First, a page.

Several thousand people march in the climate march at COP24 in Katowice, Poland.
Photo: © Greenpeace

Written by Sumudu Lankika Ginigathgala

Climate change affects everyone. The European Union is home to about seven per cent of the citizens of the world, yet the European Union accounts for 17 percent of the overall global consumption. Evaluations from the Swedish Ministry of Sustainable Development have also shown that the member states together leave a larger ecological footprint than entire Asia. However, women and men may possibly experience the impacts of climate change in different ways, with women randomly affected due to gender inequalities.

Climate change has perpetually remained a major political issue. Representations of the civil society in all different forms have grown to become an unstoppable force for Climate Action in recent years. Feminists, activists, civil society movements and organisations have all continuously come together to fight for gender equality and women empowerment through vocal demands within all processes and policies of the United Nations Framework Convention on Climate Change (UNFCCC). Gender and climate change was a key topic on display during the recent Conference of the Parties, COP24 in Katowice.

It is extremely important to highlight that climate disasters affect women and girls in the worst ways because of gender inequality. Climate change affects women in an extremely different way than men. Foremost, the effects of climate change are asymmetrically scattered, with inadequate burdens on women. As an outcome of women’s greater dependence on natural resources, women are extremely at risk of being affected by the changing climate. Due to culture and tradition in many parts of the world, women are key nutrition providers as well as caregivers. For example, if water is not within reach, women walk for hours to get water for their households, they collect firewood and crops to grow in order to feed the hungry mouths in their households. Women also face a greater probability of poverty. In addition, there are organizational and institutionalized inequalities within societies worldwide that act as walls. In order to operate responses to climate change it is necessary to understand and raise awareness on how gender differences impact different matters. The latter entails a lot of different factors, such as institutional structures and decision-making processes.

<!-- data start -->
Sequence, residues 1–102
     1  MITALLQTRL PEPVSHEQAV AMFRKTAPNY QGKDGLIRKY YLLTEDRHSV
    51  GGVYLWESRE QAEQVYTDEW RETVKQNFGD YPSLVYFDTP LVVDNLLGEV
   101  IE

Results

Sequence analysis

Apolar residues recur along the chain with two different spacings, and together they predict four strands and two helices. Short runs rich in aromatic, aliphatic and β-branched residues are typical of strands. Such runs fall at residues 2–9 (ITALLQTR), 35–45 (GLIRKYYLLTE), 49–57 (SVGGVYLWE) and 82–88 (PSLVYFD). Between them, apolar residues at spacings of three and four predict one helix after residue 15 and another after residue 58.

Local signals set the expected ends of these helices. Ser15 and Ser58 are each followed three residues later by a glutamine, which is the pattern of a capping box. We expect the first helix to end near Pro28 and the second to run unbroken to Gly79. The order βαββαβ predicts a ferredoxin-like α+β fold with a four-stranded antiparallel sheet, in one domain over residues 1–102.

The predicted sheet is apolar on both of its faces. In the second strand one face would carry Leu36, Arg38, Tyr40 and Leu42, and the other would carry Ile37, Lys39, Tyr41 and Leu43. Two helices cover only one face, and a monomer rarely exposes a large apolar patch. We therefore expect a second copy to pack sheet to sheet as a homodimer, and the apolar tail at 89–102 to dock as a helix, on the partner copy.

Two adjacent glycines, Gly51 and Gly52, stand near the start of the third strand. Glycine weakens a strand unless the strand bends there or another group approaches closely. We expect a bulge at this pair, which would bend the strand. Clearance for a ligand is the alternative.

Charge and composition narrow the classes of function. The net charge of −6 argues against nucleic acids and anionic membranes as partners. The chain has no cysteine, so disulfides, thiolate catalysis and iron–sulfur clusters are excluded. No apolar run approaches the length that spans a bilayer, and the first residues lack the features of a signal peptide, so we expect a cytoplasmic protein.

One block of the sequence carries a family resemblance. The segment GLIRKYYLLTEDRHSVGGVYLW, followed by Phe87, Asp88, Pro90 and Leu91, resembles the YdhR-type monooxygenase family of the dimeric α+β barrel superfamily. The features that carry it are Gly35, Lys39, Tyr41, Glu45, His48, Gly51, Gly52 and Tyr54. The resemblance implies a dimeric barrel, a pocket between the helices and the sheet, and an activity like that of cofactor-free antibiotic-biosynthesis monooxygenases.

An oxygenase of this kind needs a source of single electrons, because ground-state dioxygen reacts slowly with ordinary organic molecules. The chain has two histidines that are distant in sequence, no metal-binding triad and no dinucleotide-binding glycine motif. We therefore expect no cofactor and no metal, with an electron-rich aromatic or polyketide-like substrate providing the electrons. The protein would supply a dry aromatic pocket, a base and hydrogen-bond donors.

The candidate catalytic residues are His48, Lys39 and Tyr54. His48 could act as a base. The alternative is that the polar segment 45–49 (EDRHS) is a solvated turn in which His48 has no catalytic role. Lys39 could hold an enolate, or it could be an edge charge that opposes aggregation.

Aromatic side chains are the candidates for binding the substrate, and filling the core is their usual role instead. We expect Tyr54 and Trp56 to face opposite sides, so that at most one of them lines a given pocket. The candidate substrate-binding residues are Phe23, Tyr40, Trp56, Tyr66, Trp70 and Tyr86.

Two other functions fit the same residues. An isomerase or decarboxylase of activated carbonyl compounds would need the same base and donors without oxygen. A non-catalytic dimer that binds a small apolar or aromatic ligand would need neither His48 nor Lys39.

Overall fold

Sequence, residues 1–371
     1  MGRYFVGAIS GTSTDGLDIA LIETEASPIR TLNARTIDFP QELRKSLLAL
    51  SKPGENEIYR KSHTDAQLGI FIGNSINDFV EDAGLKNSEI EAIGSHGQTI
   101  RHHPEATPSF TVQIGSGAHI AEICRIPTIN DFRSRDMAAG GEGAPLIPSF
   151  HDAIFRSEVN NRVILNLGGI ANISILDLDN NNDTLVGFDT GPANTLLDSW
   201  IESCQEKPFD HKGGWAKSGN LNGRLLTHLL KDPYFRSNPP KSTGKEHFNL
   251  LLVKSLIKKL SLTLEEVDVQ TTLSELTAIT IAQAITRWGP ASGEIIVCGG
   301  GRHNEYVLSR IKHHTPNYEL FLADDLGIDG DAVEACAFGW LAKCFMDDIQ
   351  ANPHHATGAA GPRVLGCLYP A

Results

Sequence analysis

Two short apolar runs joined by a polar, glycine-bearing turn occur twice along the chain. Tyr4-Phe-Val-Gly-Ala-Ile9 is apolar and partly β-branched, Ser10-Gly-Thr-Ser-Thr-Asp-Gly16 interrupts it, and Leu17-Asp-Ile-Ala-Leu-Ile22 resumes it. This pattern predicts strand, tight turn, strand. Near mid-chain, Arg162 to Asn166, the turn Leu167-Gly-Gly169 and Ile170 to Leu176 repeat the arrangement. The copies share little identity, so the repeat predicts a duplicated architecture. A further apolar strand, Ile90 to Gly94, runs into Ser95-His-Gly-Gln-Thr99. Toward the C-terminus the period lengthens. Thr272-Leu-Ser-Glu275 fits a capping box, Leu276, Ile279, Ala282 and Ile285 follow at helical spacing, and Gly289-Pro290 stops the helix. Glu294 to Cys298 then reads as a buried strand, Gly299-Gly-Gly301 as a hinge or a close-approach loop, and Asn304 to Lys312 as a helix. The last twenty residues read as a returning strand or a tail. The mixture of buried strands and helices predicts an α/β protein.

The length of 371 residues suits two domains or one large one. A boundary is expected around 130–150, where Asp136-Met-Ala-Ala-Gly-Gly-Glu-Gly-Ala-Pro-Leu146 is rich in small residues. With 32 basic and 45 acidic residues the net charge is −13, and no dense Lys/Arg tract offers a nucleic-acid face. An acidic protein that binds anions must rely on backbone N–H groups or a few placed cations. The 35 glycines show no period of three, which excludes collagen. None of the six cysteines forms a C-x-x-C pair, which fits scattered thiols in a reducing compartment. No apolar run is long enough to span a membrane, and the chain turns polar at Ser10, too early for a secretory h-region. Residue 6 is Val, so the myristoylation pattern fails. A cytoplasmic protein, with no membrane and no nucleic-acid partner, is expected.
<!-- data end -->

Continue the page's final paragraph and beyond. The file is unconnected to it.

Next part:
An integral part of climate policy and action is essential gender mainstreaming constructed on gender analysis. Covering around 70 percent of the world’s one billion poorest people, women are excessively at risk of being affected by the changing climate. Studies present that women and children are more likely to risk their lives during a natural disaster. The International Office on Migration (IM) reports that since 2008 climate change effects have displaced around 26.4 million people per year from their homes. This is equivalent to the displacement of one person every second, can you imagine that? The risk of displacement has an upward trend as more helpless people are living in areas that are prone to disaster and in many circumstances due to gender inequality.

The struggle for climate justice goes hand in hand with gender justice and it is not wrong to say that gender justice is a mechanism for climate justice. During COP24 there was a record number of female delegates elected to the position of Chair or Co-Chair of the technical and decision making bodies established under the UNFCCC. The female representation was around 38 percent or more, which clearly shows that there is progress towards achieving gender balance. However, there is still much more to be done. In reality, is not about the number of seats women get in decision making. Rather, it all comes down to the decisions that are taken and how effectively they are implemented in order to create a sustainable future. COP24 is over but feminists, women’s movements, networks, collectives and other civil society organisations are continuing the battle to make their voices heard.

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